At Plymouth North, field hockey steps into the light

Debee Tlumacki for The Boston Globe

“We all left our egos at the door,” said Senior Plymouth North captain Caroline DiGravio.

By Katherine Fominykh Globe Correspondent 

Debee Tlumacki for The Boston Globe

Plymouth North goalie Ariana Bremis heads off the field at halftime during an Oct. 27 game against Carver.

When the clock ran down to two seconds, freshman backup keeper Maeve Tierney and others on the Plymouth North field hockey bench were bursting to break the sideline.

“We almost ran early; we could have gotten carded,” she said, referring to penalties that might have been imposed.


The bleachers were stuffed with teachers and fans. Cheerleaders lined the field.

“More people in the stands on the senior night than soccer’s senior night,” said Jeff Yang. A sophomore striker, he’s the only boy on the team.

The team was an instant away from defeating its crosstown rival, Plymouth South, Oct. 18 to qualify for the postseason. No Plymouth North team has reached November since 1986, when the varsity team was called Plymouth-Carver.

On the field, the ball was technically still in play, but before the buzzer sounded, Plymouth North’s forwards were already done.

“Then I just see my team start jumping up and down,” said Ariana Bremis, senior captain and starting goalie. “You see one of the girls, three seconds left, just start booking it and leave the ball.”


When the clock finally stopped, it was 2-0. Varsity players rushed Bremis, joined by the junior varsity players, the coaches, and from those packed bleachers, the fans.

The team’s postseason lasted all of one game, a 1-0 defeat Nov. 2 to North Attleborough, but just getting to that game after 31 years was an accomplishment to savor.

“It was magical,” said Plymouth North head coach Kristen DiGravio.

Her daughter, Caroline, a left wing and senior captain, was the first to crash into Bremis and hug her.

For Caroline DiGravio and the other 10 seniors, the last few seasons had been rough.

“We got made fun of,’’ she said, “because the field hockey team didn’t have a good rep.”


In the past, when the football and soccer teams were on postseason hunts, the field hockey team was often pushed to the softball field for practices. For games, including on the varsity level, the players were regularly forced to play on the baseball diamond.

“We always made it work, said Caroline DiGravio. “That’s the thing: We picked up our stuff to go and worked.”

It’s been a long time since things worked for the Plymouth North field hockey program. When Kristen DiGravio moved up from Plymouth Community Intermediate School, in 2012, she inherited a program in disarray.

“My first year here, we did not win a game and scored one goal,” she said. “This year . . . we are 10-5-2, [and] we’ve scored 37 goals.”

The turnaround involved many contributors beyond this year’s talented crop of players, including Paul “Spanky” Demanche, the school’s new athletic director, who insisted field hockey not be accorded second-class status.

“All of our varsity teams should be playing in the best place possible where fans can see them,” said Demanche.

On that field, the team’s offensive punch was spread across the roster, with players averaging five goals each. A notable exception was Maeve Reynolds, a 14-year-old forward who had never touched a field hockey stick before. She finished with 15 goals and 8 assists.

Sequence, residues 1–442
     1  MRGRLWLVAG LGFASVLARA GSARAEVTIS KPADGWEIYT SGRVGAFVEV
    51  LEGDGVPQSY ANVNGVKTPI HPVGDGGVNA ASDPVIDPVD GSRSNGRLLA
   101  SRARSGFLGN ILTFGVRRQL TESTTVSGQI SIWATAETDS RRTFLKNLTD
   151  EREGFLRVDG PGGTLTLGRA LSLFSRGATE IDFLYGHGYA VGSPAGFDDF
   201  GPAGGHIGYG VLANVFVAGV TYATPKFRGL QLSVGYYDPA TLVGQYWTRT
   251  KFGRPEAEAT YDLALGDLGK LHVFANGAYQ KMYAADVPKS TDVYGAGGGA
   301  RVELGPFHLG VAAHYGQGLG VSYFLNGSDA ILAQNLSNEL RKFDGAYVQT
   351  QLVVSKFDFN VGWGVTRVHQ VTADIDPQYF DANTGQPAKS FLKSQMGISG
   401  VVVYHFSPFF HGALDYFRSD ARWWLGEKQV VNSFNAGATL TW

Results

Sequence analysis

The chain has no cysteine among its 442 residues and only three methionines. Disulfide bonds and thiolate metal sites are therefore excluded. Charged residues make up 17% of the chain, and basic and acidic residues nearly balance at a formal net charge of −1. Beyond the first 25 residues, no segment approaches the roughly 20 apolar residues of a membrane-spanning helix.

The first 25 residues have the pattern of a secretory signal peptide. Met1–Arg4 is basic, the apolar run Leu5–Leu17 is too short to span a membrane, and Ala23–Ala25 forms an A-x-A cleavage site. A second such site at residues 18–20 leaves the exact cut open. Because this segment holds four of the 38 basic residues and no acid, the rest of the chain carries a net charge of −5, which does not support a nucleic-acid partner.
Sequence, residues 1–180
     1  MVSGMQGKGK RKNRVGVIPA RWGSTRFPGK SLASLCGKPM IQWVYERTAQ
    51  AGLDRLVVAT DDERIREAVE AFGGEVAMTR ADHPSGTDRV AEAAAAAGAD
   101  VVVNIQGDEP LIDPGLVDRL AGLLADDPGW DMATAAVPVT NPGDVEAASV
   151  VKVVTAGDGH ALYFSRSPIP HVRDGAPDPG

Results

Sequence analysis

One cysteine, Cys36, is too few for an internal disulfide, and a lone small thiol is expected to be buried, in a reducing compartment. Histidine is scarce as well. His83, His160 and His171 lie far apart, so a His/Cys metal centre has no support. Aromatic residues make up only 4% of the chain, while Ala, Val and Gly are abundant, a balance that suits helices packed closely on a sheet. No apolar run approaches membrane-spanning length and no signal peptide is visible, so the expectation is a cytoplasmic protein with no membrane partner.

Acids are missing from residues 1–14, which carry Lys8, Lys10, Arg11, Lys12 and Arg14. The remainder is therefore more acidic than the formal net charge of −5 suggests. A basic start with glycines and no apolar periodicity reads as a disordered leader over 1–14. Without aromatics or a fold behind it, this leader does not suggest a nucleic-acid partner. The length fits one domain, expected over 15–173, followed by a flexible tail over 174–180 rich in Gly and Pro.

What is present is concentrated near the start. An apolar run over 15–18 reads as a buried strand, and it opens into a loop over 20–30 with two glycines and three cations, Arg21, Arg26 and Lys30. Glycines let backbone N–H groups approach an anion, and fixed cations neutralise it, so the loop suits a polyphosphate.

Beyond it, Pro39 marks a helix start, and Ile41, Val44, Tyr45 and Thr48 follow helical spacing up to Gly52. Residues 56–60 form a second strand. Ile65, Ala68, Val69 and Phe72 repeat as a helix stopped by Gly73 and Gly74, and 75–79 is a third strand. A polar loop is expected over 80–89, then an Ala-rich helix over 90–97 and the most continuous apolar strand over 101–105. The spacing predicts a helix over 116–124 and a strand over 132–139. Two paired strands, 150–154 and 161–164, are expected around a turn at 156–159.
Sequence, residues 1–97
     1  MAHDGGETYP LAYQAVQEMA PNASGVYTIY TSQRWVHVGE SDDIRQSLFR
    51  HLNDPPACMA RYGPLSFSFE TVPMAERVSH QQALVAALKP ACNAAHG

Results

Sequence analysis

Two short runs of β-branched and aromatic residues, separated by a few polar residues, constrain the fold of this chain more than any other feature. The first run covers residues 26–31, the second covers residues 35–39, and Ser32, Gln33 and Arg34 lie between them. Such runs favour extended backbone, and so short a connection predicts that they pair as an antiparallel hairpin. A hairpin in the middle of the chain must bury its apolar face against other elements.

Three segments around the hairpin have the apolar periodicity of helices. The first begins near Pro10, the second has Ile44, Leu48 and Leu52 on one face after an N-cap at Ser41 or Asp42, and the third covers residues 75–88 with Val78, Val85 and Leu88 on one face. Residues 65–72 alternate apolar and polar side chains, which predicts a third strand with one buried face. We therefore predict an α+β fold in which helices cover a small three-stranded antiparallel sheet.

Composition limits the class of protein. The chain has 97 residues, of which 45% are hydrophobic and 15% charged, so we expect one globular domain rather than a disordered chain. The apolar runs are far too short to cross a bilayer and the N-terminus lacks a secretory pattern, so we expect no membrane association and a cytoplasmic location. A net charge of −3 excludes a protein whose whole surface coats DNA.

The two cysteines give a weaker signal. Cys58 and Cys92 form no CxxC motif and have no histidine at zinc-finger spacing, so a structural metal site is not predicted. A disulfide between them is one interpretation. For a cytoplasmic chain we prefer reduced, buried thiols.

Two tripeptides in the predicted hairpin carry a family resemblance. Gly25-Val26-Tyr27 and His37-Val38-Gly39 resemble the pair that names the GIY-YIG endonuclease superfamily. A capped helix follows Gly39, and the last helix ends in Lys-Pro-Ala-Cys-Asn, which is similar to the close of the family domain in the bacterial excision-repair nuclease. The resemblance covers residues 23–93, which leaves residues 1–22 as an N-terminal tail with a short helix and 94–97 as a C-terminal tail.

Not, Coach DiGravio insists, that individual stats are emphasized.

“That’s the key to success on this team,” she said. “We don’t talk about stats. Everyone has to win together.”

To accomplish that, starters abandoned positions they’d held since middle school for the good of the team. Caroline DiGravio shifted from offense to defense, Julia Zaniboni from forward to the midfield.

“We all left our egos at the door,” said the younger DiGravio.

One roster move was forced by injury. After shutting out Whitman-Hanson, 5-0, Sept. 14, her third shutout, she woke up with a sharp pain in her knee and was sidelined for four games.

In came Tierney, who’d only played junior varsity games to that point. She blanked Norwell, her first opponent, 6-0.

Silver Lake, favored to win, was up next.

“We ended up winning, 3-2,’’ said Caroline DiGravio. “That was our turning point.”

Teachers stopped the players in the hall. Principal Kathleen McSweeney announced their names and accomplishments over the morning intercom.

For this year’s seniors, it was a sea change.

“Before this season, we’d get down [in a game] and our whole posture would change,” said Coach DiGravio. “You could see their presence on the field: They looked defeated. This year, they had fire.”

Bremis, healthy again for the postseason, agreed.

“We said, ‘Let’s throw away tournament [talk] right now and focus on our first game, and then the next one.’ And we got there.”

The team was able to challenge formidable opponents for the first time in years. Besides edging Silver Lake, it defeated Hingham, 3-1.

“Our motto all throughout the season was ‘One game at a time,’ ” said Caroline DiGravio.

It was an approach that brought the team to the preliminary round of the Division 1 South playoffs.

For Plymouth North, though, a larger battle had already been won.

“As a captain, I encourage my teammates to keep going, keep going,” said Bremis. “But they’ve already given me the world. They’ve given us the greatest gift we can ask for.”

Debee Tlumacki for The Boston Globe

Plymouth North players gather around coach Kristen DiGravio. “My first year here, we did not win a game and scored one goal,” she said. “This year . . . we’ve scored 37 goals.”

Katherine Fominykh can be reached at katherine.fominykh

Follow her on Twitter @katfominykh.